To perform a large number of tasks, especially custom automated tasks, it is necessary to connect to the Office 365 tenant with Powershell. If you are familiar with Powershell in Exchange then the commands are very similar. Clearly there are additional cmdlets that are relevant to Office 365 and in other articles we can explore those.
The main function however is to get the connection running in the first place. To do this you need to start up ‘Windows Powershell ISE’ from your desktop and Run As Administrator. The running as administrator is very important as it will not connect if you don’t.
As a pre-requisite to this you will need to install the Microsoft Office 365 Online Sign In Assistant. You can find the executable https://www.microsoft.com/en-us/download/details.aspx?id=41950.
Also the Azure AD modules can be downloaded here https://docs.microsoft.com/en-us/powershell/azure/active-directory/install-adv2?view=azureadps-2.0. The short version of these instructions is to simply type the following command in the Powershell console
To import these modules into your Powershell sessions after you have installed them, type these commands in the Powershell console.
If this is the very first time you have run this type of script on your machine, you will need to start by executing this command as a ‘one-off’.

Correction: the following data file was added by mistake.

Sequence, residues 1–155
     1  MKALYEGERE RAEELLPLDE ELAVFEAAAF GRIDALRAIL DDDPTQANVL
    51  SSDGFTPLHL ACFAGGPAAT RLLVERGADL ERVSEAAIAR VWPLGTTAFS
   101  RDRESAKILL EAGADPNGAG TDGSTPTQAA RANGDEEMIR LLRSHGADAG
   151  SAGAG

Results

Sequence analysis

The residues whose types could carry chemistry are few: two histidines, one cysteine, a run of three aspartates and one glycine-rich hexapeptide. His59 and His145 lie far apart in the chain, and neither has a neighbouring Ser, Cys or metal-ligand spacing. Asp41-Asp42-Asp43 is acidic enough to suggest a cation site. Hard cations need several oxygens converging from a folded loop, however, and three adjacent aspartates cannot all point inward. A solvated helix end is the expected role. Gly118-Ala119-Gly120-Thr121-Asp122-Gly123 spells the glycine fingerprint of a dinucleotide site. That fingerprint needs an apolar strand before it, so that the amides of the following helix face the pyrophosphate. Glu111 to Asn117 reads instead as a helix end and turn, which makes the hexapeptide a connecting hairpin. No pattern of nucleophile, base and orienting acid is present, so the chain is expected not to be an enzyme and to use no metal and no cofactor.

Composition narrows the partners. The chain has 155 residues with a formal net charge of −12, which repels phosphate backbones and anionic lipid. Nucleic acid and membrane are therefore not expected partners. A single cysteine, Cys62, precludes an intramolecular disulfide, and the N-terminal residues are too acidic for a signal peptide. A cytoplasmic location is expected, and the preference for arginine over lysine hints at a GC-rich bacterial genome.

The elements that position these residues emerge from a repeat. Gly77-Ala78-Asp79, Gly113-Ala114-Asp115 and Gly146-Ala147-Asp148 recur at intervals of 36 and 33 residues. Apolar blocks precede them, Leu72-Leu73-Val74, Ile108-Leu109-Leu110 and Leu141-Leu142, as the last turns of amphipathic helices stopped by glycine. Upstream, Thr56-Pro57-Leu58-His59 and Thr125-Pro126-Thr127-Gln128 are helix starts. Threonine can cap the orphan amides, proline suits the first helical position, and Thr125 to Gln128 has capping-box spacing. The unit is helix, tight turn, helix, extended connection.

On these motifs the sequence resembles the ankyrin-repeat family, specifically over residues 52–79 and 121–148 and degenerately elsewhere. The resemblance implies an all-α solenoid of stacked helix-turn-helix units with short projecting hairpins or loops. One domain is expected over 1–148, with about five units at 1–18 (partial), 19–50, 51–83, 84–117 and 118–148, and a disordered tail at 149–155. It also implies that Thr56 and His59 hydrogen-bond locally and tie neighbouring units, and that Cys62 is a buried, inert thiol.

After this point on your machine you will be able to run any kind of script via the Powershell ISE. Then you can use the following script to perform the connection.
$username = “firstname.lastname@example.org”
$password = ConvertTo-SecureString “xxxxxx” -AsPlainText -Force
$UserCredential = new-object -typename System.Management.Automation.PSCredential -ArgumentList $username, $password
$Session = New-PSSession -ConfigurationName Microsoft.Exchange -ConnectionUri https://ps.outlook.com/powershell-liveid/ -Credential $UserCredential -Authentication Basic -AllowRedirection Import-PSSession $Session
connect-MsolService -Credential $UserCredential
connect-AzureAD -Credential $UserCredential
Replace the items with Red X’s with the credentials for your tenant. The end result will look like this.
From here you can use normal Exchange style powershell to perform functions on Office 365.